Compressed Semesters

Planning a Successful Summer Course

Congratulations on all of the wonderful teaching you did this semester! Classes end today, and only finals week remains. We hope you’re looking forward to your plans for the summer.

If you’re teaching this summer, you may be in the midst of planning a six-week course. “Compressed” or “intensive” classes, like those in summer A or B, challenge us to distill our courses to their essence. Since we can’t simply cram everything we usually assign into the shorter time frame, we have to prioritize instead, focusing on the course goals and how students can make the most progress toward them in six weeks.

Since most of us are excited about all of our material, it’s not easy to determine what’s truly most important: You might ask yourself what you’d keep if you had only one day to convey the most essential concepts of your course. What would you really want students to take away? What should they be able to do because they took your course? How should they be changed? Your answers will shape your learning goals, and an effective summer course will be built to help students achieve them.

The extended meeting hours of compressed summer courses also demand that we vary our teaching strategies. Learning takes time and effort. It needs elaboration and practice, so galloping through masses of material won’t be terribly effective. Delivering a week of content in a three-hour marathon session will be counterproductive, and exhausting, both for you and for your overwhelmed students. Instead, students need multiple and varied opportunities to engage with the material and with each other. They’ll need to write, talk, solve problems, make predictions, analyze data, and dig into the concepts and skills they’re practicing.

Bill Kops studied faculty teaching summer courses and compiled a list of best practices, summarized below:

  1. Restructure the course: The high-performing instructors in Kops’s study emphasized learning outcomes instead of content. They realized that their students should still achieve the same learning goals, but that they would have to reach these goals in different ways.
  2. Organize and plan for the term: Even more than other semester formats, summer courses require detailed planning of the entire class from the start, which requires anticipating requirements, student questions, etc.
  3. Reconfigure assignments: Longer assignments will need to be scaffolded and broken into shorter ones, in order to give the frequent feedback that students will need in order to keep up with the class. The reduced turnaround time for giving feedback makes it all the more important to break work into chunks.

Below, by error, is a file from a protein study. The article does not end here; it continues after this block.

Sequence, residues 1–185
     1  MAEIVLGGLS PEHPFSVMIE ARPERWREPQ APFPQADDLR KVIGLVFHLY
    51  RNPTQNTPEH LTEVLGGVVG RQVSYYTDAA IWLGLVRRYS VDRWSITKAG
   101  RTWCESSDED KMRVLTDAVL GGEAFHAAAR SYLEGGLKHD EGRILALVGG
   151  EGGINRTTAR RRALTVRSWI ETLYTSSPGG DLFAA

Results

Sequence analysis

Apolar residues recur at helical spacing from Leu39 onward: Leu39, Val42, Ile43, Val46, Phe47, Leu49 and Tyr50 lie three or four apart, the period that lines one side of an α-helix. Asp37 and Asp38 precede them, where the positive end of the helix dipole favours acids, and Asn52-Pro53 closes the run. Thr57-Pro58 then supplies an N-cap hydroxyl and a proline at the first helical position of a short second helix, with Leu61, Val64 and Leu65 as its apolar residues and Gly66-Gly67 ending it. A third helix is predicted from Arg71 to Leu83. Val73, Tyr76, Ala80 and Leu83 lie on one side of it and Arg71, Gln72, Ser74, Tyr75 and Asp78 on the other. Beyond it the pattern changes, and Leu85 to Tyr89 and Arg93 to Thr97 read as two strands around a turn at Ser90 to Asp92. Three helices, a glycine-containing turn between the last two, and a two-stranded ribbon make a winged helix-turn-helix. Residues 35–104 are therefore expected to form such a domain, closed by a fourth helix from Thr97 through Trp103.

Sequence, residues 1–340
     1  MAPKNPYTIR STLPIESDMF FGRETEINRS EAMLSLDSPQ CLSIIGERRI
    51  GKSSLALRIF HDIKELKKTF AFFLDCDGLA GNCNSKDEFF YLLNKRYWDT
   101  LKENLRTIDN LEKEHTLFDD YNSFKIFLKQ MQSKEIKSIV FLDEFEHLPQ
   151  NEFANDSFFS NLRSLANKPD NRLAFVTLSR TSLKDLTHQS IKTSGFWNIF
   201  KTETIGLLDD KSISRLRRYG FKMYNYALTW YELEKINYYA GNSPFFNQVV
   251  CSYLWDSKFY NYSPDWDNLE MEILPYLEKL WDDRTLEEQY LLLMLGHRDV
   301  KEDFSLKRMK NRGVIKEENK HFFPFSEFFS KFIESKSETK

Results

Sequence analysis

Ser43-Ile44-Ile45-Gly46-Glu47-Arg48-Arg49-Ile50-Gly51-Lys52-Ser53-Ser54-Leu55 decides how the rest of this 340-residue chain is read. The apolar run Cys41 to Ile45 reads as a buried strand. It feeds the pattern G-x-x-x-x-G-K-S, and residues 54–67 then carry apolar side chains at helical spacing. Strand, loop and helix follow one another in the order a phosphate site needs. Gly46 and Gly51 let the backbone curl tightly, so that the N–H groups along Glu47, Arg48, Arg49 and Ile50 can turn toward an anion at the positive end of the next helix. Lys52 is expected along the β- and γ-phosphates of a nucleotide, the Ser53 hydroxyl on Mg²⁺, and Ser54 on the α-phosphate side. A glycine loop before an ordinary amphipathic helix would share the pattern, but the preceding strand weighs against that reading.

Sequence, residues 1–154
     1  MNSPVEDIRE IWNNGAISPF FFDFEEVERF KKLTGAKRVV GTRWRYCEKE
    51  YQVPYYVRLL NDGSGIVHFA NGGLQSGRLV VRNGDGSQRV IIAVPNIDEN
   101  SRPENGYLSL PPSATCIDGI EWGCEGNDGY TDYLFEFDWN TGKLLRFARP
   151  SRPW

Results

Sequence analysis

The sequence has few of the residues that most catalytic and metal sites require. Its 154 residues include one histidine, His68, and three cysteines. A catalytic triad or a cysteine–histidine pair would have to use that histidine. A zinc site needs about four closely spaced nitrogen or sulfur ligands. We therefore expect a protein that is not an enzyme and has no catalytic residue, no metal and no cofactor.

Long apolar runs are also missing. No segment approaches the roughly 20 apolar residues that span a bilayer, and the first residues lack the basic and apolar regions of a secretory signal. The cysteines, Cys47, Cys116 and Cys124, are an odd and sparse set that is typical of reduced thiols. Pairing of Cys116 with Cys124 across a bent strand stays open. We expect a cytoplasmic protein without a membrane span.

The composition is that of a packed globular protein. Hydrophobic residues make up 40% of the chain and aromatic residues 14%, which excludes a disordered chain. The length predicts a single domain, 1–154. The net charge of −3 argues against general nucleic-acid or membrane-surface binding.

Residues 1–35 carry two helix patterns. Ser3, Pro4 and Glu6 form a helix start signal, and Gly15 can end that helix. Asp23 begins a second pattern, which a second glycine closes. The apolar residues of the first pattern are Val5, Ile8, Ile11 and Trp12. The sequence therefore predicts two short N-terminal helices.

4. Maintain expectations and standards: In contrast to the myth of the “easier” summer session, faculty must establish and maintain high expectations for all students.
  5. Capitalize on continuity, smaller classes, and variety of students: Summer classes give you the valuable opportunity to get to know students, determine the extent to which they are learning, and vary your approach based on their individual interests, goals, and/or needs.
  6. Maximize support to students: In addition to making yourself available to students (through longer and frequent office hours), it’s useful to provide students with reading and study guides, class notes, recommended links, etc. given the fast-paced nature of these classes. Additionally, you can help students to form study groups, and encourage them to use campus resources like ACE.
  7. Keep students active and use a variety of teaching techniques: As Terry Doyle insists, “the one who does the work does the learning,” and in an extended session it’s all the more critical that your students do the work—not you. Medina reminds us that the human brain can maintain attention for about 10 minutes at a time. This means that using class time for content delivery (like lecturing) will overtax your students’ cognitive resources, and overtax you. It will be more productive to structure your daily lesson in small segments, using a variety of teaching techniques that offer students the opportunity to move around, discuss course material and problem-solve with their classmates.

If you’d like support as you redesign your course for summer, please get in touch at We look forward to working with you!